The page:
The Scout Device’s Reliability: Methodological Issues

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Excerpt

I was interested to read, “A Reliability Study Using a Long-Wave Infrared Thermography Device to Identify Relative Tissue Temperature Variations of the Body Surface and Underlying Tissue,” by Langemo et al, published in the March issue.1 The Scout (WoundVision LLC, Indianapolis, Indiana) is an FDA-approved visual and thermal imaging device and software analysis tool that provides clinicians with a reliable and reproducible way to incorporate long-wave infrared thermography and relative temperature differential into clinical wound assessment by consistently identifying control areas against which to measure wound temperature. The authors aimed to evaluate 2 aspects of the Scout’s reliability: (1) within- and between-reader agreement of initial patient encounter control area images and (2) between-reader agreement of follow-up encounter control area images. The 3 readers (wound care professionals experienced in control area selection) placed a control area on each of the 26 wounds at 3 different times (n = 78 independent placements) to establish within-reader agreement. To establish between-reader agreement, the readers again placed a control area on each of the 26 wounds (n = 26 independent placements).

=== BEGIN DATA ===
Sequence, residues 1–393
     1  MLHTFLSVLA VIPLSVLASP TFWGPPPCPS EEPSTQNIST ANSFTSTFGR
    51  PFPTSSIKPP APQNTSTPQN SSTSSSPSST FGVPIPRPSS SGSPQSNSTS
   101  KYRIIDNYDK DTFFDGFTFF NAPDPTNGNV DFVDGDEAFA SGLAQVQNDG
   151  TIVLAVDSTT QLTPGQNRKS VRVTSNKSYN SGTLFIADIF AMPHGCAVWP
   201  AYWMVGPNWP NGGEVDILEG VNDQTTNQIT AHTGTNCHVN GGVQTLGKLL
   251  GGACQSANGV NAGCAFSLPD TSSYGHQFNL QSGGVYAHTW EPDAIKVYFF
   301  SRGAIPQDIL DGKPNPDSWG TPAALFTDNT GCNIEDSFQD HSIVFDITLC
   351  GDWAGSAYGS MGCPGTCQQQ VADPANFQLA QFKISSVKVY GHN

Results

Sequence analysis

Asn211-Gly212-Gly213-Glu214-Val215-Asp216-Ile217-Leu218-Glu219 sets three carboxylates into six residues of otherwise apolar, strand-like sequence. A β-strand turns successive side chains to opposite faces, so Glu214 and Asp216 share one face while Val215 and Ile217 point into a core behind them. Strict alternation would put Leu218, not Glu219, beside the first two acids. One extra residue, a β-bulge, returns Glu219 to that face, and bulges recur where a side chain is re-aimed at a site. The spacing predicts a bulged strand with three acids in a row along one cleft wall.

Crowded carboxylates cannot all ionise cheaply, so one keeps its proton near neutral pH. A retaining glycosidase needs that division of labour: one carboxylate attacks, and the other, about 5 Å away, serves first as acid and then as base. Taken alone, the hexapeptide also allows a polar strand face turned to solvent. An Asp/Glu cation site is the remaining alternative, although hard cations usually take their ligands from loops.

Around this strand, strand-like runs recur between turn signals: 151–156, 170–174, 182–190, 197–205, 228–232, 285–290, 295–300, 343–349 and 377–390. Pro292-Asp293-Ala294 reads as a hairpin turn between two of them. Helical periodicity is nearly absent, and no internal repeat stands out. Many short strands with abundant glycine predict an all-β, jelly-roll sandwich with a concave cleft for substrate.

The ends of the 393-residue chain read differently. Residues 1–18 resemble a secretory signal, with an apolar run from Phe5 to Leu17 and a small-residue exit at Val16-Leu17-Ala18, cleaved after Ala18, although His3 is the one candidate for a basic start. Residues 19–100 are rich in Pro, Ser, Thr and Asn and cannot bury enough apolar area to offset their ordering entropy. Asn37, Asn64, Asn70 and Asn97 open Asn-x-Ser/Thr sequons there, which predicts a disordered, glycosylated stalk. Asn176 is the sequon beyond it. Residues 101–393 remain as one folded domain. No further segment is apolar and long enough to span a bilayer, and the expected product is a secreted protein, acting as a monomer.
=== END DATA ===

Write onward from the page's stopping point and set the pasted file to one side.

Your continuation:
Based on the results reported by the authors, the control area measurements were very consistent both within (percent coefficient of variation [%CV] approximately 1%) and between readers (%CV approximately 2%). The average maximum temperature within-reader %CV was 1.14%, and the between-reader %CV was 1.97%. The average minimum temperature had a within-reader %CV of 1.1%, and the between-reader %CV was 2.01%.1 However, these results are not the most appropriate measures to assess reliability. First, to the best of my knowledge, in reliability analysis, an individual approach instead of a group approach should be considered.2–5 Therefore, for quantitative variables, intraclass correlation coefficient (ICC) agreement single measure, not the group measure (%CV, or average), should be reported.2–5 Moreover, %CV as one of the estimates to assess reliability cannot cover an individual approach.
As the authors pointed out in their conclusion, clinicians can repeatedly and reliably perform a relative temperature differential analysis using the Scout device to determine an appropriate control area for wound temperature assessment. Such a conclusion should be supported by an individual-based methodology. Otherwise, mismanagement of the patient cannot be avoided.
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